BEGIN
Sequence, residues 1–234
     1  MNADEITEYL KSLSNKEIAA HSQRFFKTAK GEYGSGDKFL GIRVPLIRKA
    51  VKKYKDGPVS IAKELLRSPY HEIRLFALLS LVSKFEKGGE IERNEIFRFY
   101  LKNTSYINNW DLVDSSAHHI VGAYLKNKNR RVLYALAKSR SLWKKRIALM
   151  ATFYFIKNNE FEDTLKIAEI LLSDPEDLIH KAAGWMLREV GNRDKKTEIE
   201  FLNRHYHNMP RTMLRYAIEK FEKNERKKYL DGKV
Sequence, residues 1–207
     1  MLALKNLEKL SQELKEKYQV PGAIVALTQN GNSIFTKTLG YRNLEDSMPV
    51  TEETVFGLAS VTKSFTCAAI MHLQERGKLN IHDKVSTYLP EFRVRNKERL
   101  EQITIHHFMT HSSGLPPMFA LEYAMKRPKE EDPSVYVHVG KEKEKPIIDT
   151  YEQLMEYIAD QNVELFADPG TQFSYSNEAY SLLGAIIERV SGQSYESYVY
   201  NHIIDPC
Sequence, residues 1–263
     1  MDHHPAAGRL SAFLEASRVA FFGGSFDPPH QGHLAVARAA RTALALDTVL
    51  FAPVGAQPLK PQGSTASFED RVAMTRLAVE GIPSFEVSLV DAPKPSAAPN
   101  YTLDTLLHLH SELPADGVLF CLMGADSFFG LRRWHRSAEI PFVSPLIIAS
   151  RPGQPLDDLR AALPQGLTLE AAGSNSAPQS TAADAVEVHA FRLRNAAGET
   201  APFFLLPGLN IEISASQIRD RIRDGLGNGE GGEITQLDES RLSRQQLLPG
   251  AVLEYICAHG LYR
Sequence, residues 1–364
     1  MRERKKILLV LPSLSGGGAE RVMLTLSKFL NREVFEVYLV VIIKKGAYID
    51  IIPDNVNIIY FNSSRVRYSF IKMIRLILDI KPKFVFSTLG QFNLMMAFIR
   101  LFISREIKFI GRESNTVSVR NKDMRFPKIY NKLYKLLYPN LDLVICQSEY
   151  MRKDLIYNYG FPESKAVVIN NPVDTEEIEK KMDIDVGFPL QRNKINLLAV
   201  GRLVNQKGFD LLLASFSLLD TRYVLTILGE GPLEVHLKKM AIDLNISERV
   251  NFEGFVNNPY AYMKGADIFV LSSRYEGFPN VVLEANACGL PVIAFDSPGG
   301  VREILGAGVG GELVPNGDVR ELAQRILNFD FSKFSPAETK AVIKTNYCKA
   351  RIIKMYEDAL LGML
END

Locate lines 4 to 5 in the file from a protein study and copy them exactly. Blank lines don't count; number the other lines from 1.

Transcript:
   101  LKNTSYINNW DLVDSSAHHI VGAYLKNKNR RVLYALAKSR SLWKKRIALM
   151  ATFYFIKNNE FEDTLKIAEI LLSDPEDLIH KAAGWMLREV GNRDKKTEIE